years, so that is called the underlying universe. And in this case the sum of x, y, z
represents the predicate x plus y is equal to z. So x, y, z may be taken from the set of
integers or non-negative integers. Now in such cases you may have to specify the
underlying universe because the statement which may be true for integers may not be true
for real numbers or a statement which is true for real numbers may not be true for
integers and so on. Therefore the underlying universe has to be specified. But sometimes
like this you need not have to specify the underlying universe explicitly.

Look at this sentence: x was born in the city y in the year z. Obviously x has to be a
human being, y has to be a city and z must be a year. You cannot have y as an integer and
you cannot have z as a color and so on. And something like if you have the predicate x
greater than 3, I cannot say x is green in color, green is greater than 3, it does not make
any sense. So x has to be from the set of integers or real numbers or whatever it is.

So in some cases you need to specify the underlying universe explicitly and some times
you need not have to spell it out explicitly, implicitly it will be understood. Now let us
take a predicate x1, x2, again we can have predicate constants and predicate variables like
you know sum of x, y, z is a predicate constant. It represents x plus y is equal to z.
(Refer Slide Time: 24:57 min)

Now if you generally say p (x1, x2, xn) is a variable you can assign any n place predicate
to that and you also have expressions involving predicate variables and so on. Now when
you assign a particular value for x1, c1 and a particular value c2 and a particular value cn
for xn, this predicate becomes a proposition. For example take this, x plus y is equal to z.
If I assign the value x is equal to 2 and y is equal to 3 and z is equal to 5 it becomes 2
plus 3 is equal to 5 which is a proposition.

So if you assign particular values c1, c2, cn to x1, x2, xn then the predicate becomes a
proposition and it takes a truth value true or false. Of course it has to take values from the
underlying universe. Now a predicate x1, x2, xn if this is true for all values c1, c2, cn from
the universe, you can call it as universe U and then you say that this predicate is valid in
the Universe U, then you say p(x1, x2, xn) is valid in U. If it is not true for all values of c1,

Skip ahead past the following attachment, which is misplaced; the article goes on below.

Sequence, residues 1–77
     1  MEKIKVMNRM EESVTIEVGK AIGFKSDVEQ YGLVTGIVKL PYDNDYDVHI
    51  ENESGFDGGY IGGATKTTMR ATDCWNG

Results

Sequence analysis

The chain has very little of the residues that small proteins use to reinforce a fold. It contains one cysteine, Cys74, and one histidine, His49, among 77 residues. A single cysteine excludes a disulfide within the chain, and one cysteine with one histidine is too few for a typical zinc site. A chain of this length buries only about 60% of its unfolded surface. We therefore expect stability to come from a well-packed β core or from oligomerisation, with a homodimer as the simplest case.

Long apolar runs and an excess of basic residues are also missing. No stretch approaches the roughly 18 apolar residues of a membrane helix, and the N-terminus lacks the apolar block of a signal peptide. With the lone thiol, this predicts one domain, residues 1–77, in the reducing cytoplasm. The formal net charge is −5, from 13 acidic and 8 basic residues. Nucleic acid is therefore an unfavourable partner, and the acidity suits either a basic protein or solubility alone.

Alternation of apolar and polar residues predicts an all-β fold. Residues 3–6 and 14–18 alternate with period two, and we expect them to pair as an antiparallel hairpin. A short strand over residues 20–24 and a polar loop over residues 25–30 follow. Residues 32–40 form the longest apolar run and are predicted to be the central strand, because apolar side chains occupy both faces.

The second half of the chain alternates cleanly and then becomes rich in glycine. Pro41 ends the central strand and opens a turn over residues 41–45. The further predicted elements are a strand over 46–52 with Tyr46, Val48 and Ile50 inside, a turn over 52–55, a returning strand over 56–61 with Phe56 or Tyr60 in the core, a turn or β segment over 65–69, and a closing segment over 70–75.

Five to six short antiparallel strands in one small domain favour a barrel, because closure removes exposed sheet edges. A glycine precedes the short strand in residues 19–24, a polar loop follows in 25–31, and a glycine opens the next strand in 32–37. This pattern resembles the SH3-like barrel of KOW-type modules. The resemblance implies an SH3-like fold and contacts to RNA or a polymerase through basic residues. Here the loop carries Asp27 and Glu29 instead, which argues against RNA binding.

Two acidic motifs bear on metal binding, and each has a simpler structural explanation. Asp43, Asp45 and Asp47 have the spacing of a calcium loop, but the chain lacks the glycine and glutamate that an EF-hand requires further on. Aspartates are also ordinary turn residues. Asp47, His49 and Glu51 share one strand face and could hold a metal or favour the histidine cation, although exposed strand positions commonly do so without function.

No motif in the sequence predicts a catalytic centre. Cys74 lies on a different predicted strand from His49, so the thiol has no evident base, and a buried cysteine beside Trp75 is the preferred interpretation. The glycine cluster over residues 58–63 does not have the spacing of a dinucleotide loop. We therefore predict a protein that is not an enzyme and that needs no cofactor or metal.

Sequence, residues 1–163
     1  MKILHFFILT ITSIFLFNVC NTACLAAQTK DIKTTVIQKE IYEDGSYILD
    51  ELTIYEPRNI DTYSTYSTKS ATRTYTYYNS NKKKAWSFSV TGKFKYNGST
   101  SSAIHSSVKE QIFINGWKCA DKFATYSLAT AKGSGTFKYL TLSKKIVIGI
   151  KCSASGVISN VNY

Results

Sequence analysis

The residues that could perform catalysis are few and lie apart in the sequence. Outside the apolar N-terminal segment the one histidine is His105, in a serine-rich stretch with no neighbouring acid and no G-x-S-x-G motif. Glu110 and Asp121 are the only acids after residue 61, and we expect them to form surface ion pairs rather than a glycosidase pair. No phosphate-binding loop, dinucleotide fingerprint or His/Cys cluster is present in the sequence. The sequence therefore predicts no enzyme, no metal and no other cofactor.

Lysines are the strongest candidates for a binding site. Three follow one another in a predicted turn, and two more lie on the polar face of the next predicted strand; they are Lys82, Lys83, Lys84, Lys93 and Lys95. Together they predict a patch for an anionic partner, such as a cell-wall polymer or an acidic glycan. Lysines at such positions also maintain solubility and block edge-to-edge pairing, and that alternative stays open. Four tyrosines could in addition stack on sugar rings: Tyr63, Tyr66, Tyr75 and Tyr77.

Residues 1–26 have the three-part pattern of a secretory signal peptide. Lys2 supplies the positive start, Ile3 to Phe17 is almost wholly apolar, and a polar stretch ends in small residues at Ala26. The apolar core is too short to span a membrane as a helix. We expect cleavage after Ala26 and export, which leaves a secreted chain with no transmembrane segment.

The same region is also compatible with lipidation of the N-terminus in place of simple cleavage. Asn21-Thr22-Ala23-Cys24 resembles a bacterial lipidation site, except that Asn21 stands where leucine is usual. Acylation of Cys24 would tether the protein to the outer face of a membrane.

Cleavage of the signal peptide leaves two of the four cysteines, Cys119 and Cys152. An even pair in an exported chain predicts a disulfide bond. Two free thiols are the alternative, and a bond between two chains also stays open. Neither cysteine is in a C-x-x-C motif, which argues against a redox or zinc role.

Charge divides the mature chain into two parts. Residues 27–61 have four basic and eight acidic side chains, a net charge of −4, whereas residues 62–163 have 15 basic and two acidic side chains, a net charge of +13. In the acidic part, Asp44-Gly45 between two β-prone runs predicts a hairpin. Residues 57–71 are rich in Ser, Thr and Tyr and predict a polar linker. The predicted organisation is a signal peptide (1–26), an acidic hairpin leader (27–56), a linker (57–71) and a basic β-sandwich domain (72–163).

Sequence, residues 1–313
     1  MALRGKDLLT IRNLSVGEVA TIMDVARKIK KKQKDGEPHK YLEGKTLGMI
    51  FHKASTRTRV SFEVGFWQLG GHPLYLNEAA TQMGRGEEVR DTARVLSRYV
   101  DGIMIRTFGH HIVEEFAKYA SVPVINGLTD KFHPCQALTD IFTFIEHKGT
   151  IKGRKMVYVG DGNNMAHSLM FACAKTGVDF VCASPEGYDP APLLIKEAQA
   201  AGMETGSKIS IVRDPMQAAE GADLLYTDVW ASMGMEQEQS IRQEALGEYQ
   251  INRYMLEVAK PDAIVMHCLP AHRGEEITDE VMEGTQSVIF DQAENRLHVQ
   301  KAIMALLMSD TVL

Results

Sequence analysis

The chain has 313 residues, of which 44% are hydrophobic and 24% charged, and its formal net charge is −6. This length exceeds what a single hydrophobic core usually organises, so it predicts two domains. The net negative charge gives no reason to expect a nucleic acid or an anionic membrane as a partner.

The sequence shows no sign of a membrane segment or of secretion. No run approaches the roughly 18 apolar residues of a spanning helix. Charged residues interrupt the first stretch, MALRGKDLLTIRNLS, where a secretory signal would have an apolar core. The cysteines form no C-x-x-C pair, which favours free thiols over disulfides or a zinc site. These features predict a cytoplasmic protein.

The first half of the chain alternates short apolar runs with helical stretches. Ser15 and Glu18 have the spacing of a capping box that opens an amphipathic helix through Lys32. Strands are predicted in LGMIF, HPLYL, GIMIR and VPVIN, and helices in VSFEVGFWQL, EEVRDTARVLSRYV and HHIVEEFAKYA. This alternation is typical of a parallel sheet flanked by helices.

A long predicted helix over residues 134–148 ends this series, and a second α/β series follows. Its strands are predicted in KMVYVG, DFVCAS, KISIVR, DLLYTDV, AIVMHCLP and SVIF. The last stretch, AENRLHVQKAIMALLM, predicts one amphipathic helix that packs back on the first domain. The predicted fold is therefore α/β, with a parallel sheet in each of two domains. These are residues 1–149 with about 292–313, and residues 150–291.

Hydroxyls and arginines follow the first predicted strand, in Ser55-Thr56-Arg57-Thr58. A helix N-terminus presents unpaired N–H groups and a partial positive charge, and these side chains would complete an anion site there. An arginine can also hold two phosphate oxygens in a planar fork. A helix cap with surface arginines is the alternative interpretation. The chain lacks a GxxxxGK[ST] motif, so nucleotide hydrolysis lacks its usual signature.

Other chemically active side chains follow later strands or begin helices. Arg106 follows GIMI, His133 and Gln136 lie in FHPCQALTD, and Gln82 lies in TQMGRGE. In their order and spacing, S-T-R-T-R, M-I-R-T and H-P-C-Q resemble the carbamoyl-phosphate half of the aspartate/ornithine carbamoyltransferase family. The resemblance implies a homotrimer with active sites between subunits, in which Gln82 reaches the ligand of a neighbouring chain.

c2, cn but for some particular value it is true then you say it is satisfiable in U. If P is true
for some c1, c2, cn from U it may not be true for all but for at least one it is true, then you
say that p is satisfiable in U.
(Refer Slide Time: 28:19 min)

Now it may so happen that p(x1, x2, xn) is not true for any of the values you give for x1 x2,
xn. If p is not true for any set of values c1, c2, cn then p is said to be unsatisfiable in U. So
we talk about valid predicates, satisfiable predicates and unsatisfiable predicates and also
we specify the Universe. Now you have a predicate say p(x, y) then you can make it a
proposition by giving values for x and y. So give values for x and y and this becomes a
proposition.

Now in this case you say that you are binding the variables x and y by giving values.
There is another way you can bind the variables that is by making use of quantifiers. For
example you have a predicate p(x), this is the unary predicate involving one single
variable x. Now you can bind it using this quantifier for all of x. This is read as for all x
or generally you read it as for all x. You can also read it as for every x, for any x, for each
x, for arbitrary x.

Now when you use a quantifier the predicate is bound. Let us consider some examples
making use of this. It becomes a proposition when you use quantifier. Let the underlying
universe be the set of integers.
(Refer Slide Time: 3:23 min)

Look at these predicates x is less than x plus 1 and x is equal to 3, x is equal to x plus 1.
Now to make it a proposition I can use a quantifier like this, look at this for all of x where
x is less than x plus 1, this is a proposition. Is it true? This is always true. For any value
you give for x, from the set of integers x will always be less than x plus 1 and so this is a
proposition and it is always true.

And if you use for all of x here, for all of x where x is equal to 3 it is not correct, if you